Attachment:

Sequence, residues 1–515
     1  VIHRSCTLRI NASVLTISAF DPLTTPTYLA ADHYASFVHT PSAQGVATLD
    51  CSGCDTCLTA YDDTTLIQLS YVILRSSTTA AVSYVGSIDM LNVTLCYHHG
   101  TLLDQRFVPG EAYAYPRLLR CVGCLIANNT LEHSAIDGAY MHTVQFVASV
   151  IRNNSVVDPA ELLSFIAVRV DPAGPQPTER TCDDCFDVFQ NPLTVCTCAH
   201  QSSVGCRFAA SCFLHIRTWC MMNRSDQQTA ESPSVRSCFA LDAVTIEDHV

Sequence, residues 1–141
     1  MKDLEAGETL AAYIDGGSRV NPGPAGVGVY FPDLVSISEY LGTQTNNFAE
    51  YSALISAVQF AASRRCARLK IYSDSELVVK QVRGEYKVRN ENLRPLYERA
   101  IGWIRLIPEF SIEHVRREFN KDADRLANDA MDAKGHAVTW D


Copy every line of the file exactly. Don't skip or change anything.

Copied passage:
Sequence, residues 1–515
     1  VIHRSCTLRI NASVLTISAF DPLTTPTYLA ADHYASFVHT PSAQGVATLD
    51  CSGCDTCLTA YDDTTLIQLS YVILRSSTTA AVSYVGSIDM LNVTLCYHHG
   101  TLLDQRFVPG EAYAYPRLLR CVGCLIANNT LEHSAIDGAY MHTVQFVASV
   151  IRNNSVVDPA ELLSFIAVRV DPAGPQPTER TCDDCFDVFQ NPLTVCTCAH
   201  QSSVGCRFAA SCFLHIRTWC MMNRSDQQTA ESPSVRSCFA LDAVTIEDHV

Sequence, residues 1–141
     1  MKDLEAGETL AAYIDGGSRV NPGPAGVGVY FPDLVSISEY LGTQTNNFAE
    51  YSALISAVQF AASRRCARLK IYSDSELVVK QVRGEYKVRN ENLRPLYERA
   101  IGWIRLIPEF SIEHVRREFN KDADRLANDA MDAKGHAVTW D